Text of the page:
“The unlawful use of violence and intimidation, especially against civilians, in the pursuit of political aims.” I’m not sure how many of you will be able to think of the word that is defined as the above line by the Oxford Dictionary. Yes, the word is ‘terrorism’.
The movie “Mulk” (2018) has raised such basic questions about our perception of terrorism that finding answers to these questions seems like a necessity today. Some of the smallest or shortest scenes which were closest to my heart and make the movie a must watch for everyone:
1) Mohammed Ali, a civilian and prestigious advocate who is lively social being, living harmoniously in his home town.
2) His family has accepted his inter-religion marriage; in fact the ‘bahu‘ became the daughter of the family!
3) Aarthi’s disagreement on deciding a religion for the ‘yet to be born’ child.
4) Aarthi’s family, supposedly a broad minded one, succumb to prejudice and fear and ask her to come back. But her decisions make us believe that she is truly the daughter of the family.
5) Choti Tabassum , mother of Shahid, denying her son’s dead body after she learns about his deeds.
6) Basically, it is all between US AND THEM
7) Chaube’s suggestion to his son asking him to leave unnecessary communal activities. But later, the father himself changes with time, thereby revealing his prejudiced mindset: “Hum logon ne kya kya nahi diya , phir bhi tum log hamare logon ko marte ho!!”
8) Mohammed Ali questions police officer when his house is attacked by goons and the officer denies filing an FIR. “Hum kare tho terrorism aur wo kare tho bas gundagiri!!??”
9) Lawyers calling terrorism as “inke family business“, and all the comments on marriage, children, education of ‘unke samaj‘. The laughter that follows when the characters don’t realise that “hamare samaj” is still the same as “unke sama”, so it has always been hum aur wo!!
10) The respect and responsibilities Mohamed Ali has for his younger brother despite their disagreements in life.
11) Bilal’s character that is etched with so many flaws in a single person but still proves to be “jo bhi hai, phir bhi dil ke achche hai”. How innocent was his ignorance toward many facts about his own son or asking for money from his relatives in Pakistan!
12) Bismil’s death scene is the most painful one, where no one turns up at his funeral.
13) Prejudiced officer belonging to same religion as of accused and chooses to defame the whole family to reclaim religious credibility. This character has also highlighted flaws in the judiciary – a terrorist once arrested needs high level security and all the further proceedings are delayed which makes police protect criminals in the form of VIPs. “Doosra kasab ban jaayega.”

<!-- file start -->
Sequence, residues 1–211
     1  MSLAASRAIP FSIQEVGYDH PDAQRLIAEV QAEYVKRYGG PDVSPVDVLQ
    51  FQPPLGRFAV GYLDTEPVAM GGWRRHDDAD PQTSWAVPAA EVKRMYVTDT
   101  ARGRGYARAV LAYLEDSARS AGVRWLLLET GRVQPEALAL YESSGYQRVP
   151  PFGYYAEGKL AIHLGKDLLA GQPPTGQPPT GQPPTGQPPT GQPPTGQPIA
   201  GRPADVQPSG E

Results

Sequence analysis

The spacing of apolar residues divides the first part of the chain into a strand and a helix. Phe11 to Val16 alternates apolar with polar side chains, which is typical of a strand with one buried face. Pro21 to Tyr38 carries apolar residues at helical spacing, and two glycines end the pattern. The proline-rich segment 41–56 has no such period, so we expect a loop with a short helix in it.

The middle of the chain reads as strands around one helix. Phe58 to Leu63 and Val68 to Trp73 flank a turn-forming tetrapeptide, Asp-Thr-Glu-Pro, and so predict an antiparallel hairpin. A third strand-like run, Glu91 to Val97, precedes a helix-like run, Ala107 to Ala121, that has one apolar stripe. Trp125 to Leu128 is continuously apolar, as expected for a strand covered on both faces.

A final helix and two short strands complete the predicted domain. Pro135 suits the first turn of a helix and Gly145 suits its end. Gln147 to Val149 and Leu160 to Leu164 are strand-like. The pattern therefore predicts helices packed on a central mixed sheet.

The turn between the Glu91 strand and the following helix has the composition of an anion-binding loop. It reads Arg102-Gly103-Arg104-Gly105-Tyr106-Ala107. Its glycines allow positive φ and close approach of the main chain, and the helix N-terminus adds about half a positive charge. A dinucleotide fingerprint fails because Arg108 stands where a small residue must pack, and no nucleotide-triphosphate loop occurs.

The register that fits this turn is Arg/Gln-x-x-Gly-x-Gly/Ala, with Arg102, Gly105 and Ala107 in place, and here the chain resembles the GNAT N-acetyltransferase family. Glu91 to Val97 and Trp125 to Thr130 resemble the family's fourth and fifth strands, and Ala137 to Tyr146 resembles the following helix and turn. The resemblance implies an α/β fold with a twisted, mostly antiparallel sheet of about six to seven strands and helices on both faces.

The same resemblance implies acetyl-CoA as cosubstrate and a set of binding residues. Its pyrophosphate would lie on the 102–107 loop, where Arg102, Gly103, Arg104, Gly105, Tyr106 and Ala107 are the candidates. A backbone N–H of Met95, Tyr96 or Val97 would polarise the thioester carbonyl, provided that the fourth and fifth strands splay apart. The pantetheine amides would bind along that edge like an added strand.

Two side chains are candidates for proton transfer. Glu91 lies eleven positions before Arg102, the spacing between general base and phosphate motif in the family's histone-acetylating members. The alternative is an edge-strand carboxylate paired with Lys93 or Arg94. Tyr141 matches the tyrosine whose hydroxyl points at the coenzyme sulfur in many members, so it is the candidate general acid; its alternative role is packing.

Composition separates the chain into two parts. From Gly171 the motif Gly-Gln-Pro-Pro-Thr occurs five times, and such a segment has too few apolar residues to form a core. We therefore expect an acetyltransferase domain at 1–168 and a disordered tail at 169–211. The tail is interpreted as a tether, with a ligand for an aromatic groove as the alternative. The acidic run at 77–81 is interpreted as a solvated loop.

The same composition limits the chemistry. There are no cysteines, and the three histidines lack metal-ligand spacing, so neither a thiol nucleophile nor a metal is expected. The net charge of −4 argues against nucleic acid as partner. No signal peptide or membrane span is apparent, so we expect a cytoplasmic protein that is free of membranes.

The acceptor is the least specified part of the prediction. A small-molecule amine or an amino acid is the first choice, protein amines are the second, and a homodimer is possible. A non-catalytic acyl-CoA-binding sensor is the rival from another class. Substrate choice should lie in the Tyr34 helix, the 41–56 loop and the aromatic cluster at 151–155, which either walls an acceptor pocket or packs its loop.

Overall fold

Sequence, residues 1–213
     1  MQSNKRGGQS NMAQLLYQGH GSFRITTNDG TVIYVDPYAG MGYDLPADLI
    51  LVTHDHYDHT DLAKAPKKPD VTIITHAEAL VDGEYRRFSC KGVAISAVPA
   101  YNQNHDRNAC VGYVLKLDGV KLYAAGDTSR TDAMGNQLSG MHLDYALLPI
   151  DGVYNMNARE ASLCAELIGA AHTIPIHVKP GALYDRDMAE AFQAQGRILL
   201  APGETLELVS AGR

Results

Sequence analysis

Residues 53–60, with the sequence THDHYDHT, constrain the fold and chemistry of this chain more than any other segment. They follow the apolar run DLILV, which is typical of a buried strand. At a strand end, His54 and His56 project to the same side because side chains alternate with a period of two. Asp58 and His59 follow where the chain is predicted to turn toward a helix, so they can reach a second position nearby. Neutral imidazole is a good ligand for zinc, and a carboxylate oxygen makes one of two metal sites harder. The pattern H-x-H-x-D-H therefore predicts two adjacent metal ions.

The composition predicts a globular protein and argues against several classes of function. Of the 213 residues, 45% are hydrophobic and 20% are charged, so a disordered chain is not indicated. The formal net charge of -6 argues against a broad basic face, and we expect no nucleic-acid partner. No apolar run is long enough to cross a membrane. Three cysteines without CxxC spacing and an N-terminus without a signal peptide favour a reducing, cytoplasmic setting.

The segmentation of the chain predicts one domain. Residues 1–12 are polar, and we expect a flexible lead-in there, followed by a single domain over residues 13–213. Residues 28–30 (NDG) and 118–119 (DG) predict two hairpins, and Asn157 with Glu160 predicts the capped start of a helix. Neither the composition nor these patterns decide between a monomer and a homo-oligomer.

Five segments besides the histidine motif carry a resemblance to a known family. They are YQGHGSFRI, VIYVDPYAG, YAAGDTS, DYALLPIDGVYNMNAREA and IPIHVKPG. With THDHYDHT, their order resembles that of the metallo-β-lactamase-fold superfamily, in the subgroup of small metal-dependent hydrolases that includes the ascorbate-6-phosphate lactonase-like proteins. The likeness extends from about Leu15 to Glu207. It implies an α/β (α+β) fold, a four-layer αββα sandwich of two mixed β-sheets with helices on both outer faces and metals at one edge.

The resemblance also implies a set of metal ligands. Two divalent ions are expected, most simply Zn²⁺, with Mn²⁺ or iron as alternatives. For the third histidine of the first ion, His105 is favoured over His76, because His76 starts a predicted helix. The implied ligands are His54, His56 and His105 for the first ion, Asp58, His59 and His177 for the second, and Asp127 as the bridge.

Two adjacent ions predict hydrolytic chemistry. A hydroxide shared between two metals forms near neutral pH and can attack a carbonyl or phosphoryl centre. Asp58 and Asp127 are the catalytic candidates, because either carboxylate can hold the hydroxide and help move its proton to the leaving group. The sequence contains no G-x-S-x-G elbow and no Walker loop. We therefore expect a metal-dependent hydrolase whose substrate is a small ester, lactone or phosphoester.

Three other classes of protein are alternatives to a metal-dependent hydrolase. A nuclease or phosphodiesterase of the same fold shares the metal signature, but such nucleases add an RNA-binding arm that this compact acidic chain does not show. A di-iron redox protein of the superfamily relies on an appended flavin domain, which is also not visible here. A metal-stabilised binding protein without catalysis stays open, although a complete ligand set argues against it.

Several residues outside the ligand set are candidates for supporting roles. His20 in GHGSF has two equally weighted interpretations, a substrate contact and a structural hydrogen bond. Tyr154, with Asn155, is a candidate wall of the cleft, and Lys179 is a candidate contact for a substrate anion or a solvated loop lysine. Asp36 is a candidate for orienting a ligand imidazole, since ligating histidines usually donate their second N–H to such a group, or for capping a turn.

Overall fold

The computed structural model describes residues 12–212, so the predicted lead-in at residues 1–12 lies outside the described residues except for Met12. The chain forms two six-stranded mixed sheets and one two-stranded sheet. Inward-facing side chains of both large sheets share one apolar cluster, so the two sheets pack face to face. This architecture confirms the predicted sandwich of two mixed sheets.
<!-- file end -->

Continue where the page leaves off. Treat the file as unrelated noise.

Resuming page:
14) Different aspects of the very same word – terrorism – beautifully questioned: “Kya untouchability terrorism nahi hai kya? Paise walon se gareebon ka exploitation terrorism nahi hai? Kya aadivasiyon ka exploitation terrorism nahi hi ?”
15) Also, the film successfully addresses unemployment. Through Shahid’s friend Rashad, it clears the fact that unemployment in our country isn’t limited to a single religion.
16) Finally, it shows how there is no law to punish the ignorance of not looking after your kids.
“Look after the youngsters in family; what they do, what they talk about, what they watch, etc.”
17) Mohammed Ali’s question about how to show ‘love for the country’ really makes one to question the essence of patriotism.
18) Mohammed Ali’s Hindu friend being with him through all his hard times and at the same time Bilal’s Muslim friend denying to help him in the process of protecting his son (Rashad) shows how secular a human bond is.
19) The movie also portrays the insecurity felt by minorities or the people from “targeted religion” who stand in position of suspects by default. Ironically, prejudice and generalisation has become so deep rooted that a terrorist act with ulterior motives, which was supposed to create fear in masses, creates more fear and commotion in people of that targeted religion. They tend to feel like outsiders in their own land, admist their own people.
20) Mohammed Ali’s confidence over his country and system has been shown well; when he denies going to London with his son, corrects his wife’s lost hopes on people and stops his community people from making it a communal issue !
21) About “go to Pakistan”: this can be only said by those who don’t know about “community values”. The judge in film, although only partially, tries to make people understand that minorities make their own contribution to the country. Their significance is as important as that of others for a country like India to progress.
The is definitely very successful in raising questions surrounding many prejudices. Overall, it’s a must watch for everyone.